paths, as outlined in Figure 3. Ex ante, students do not know for certain whether they will successfully

complete the chosen education track, but they have subjective beliefs, p i , about finishing. The first

period or first stage (T = 1) occurs when students finish compulsory education at the age of 17

years. At this point, they face the choice between dropping out of school (d i1 = 0), investing in an

apprenticeship training (d i1 = 1), or continuing with high school education (d i1 = 2). A high school

degree involves the option value of continuing with tertiary education. Students who choose high

school reach the second stage (T = 2), after which they have the choice of either investing in a tertiary

apprenticeship (d i1 = 2, d i2 = 0) or in a university education (d i1 = 2, d i2 = 1). 29

As mentioned above, apprenticeships, tertiary apprenticeships, and university all involve uncertainty,

which we model according to equations (2)-(4). By backward induction, we begin with the students’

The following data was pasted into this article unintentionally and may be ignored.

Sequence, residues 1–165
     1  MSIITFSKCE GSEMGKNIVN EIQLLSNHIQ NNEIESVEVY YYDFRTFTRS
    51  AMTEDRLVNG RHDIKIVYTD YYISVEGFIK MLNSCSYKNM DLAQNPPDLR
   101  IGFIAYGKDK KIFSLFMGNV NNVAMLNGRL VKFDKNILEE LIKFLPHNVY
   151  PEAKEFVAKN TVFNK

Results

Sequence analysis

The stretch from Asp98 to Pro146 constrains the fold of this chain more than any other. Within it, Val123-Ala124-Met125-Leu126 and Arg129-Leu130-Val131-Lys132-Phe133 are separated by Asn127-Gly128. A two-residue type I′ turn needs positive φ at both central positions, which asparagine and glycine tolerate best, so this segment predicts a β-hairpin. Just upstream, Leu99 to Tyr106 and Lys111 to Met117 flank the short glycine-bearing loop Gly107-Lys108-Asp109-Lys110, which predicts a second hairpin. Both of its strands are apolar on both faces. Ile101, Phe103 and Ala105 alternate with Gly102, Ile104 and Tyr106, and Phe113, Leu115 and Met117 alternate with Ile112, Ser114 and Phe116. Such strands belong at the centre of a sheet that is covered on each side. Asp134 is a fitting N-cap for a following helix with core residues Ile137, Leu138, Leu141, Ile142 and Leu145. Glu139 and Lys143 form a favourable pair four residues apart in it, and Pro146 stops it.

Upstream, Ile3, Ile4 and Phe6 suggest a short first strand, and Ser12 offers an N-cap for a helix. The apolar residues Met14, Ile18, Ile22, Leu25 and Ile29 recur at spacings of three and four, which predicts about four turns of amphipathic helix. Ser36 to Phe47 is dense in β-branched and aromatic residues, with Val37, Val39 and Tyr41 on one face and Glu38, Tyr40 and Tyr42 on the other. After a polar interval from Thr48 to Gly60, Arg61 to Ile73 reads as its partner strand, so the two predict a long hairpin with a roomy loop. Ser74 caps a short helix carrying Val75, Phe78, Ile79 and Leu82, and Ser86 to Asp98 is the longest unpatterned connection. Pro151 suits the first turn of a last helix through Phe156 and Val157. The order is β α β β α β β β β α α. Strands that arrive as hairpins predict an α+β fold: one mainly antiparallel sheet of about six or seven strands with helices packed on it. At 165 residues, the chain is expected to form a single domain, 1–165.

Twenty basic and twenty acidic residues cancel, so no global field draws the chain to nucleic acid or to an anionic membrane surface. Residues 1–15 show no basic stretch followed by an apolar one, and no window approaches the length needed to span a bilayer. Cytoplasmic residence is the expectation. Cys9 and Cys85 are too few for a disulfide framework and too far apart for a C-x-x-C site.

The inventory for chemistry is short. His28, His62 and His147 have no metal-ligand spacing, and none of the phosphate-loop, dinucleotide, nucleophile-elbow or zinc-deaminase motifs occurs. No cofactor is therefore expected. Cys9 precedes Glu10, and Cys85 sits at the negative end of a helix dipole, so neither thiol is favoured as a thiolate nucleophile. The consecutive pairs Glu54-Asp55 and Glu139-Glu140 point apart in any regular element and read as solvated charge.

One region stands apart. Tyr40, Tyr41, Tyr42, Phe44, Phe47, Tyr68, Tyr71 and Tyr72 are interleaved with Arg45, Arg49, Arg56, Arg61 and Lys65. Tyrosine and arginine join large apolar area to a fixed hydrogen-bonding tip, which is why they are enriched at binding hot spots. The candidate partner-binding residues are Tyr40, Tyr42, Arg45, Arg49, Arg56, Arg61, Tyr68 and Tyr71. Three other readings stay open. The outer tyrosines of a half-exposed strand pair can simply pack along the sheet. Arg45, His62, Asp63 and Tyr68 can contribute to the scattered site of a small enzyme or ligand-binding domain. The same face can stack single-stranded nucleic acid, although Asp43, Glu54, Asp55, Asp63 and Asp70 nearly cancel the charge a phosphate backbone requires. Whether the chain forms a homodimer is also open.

second stage problem. Students advancing to the second stage choose between starting a tertiary

apprenticeship (j = 2) or going to university (j = 3). We denote this choice by d i2 , a binary variable

where 1 represents choosing university,

{

1 if Ui3 − U i2 > 0

d i2 =

0 if U i3 − U i2 ≤ 0,

which we specify, analogously to equation (4), as

U i2 = α 2 p i + x ′ i,t+1β 2 + δ 2 θ i + ϵ i2 ≡ z i2,t+1 + ϵ i2 ,

U i3 = α 3 p i + x ′ i,t+1β 3 + δ 3 θ i + ϵ i3 ≡ z i3,t+1 + ϵ i3 .

Here, x i,t+1 consists of the same covariates considered above. Covariates that vary over time, such

as some family characteristics (household income and parental unemployment status) and all labor

market conditions, are measured two years after the youth questionnaire was answered, which is the

29 In principle, students could also drop out at this point, but this is an extremely rare event in the data and therefore